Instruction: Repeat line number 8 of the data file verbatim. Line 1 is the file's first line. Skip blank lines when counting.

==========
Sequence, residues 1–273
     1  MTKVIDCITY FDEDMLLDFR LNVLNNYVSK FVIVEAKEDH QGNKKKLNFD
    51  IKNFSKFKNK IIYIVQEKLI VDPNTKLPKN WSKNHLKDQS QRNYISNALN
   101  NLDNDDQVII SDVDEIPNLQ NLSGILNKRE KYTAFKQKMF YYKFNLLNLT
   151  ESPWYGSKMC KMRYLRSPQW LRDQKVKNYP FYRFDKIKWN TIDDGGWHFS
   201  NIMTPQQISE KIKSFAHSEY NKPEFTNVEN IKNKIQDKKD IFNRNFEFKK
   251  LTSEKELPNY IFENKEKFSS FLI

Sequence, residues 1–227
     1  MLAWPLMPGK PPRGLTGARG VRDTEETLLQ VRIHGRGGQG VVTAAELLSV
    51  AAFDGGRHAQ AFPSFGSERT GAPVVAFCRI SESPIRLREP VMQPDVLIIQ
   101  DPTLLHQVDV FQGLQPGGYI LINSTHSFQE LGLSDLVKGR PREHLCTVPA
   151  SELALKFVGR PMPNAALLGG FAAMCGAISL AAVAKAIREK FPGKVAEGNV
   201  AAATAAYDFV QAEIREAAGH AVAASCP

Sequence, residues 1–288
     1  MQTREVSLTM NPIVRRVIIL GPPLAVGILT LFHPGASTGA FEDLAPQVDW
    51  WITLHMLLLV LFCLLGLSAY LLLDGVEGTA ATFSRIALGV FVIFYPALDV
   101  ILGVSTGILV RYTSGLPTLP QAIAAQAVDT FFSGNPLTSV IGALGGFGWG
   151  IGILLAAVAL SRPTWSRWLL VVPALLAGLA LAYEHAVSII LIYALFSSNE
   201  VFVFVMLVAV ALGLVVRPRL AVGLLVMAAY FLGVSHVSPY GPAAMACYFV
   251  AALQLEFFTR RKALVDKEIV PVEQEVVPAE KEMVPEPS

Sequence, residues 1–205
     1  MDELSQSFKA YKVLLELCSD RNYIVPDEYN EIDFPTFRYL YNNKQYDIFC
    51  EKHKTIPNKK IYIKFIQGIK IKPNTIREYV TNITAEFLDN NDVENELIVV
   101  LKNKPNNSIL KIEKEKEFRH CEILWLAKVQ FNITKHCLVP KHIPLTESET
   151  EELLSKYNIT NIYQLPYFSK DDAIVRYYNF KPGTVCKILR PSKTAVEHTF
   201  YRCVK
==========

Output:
Sequence, residues 1–227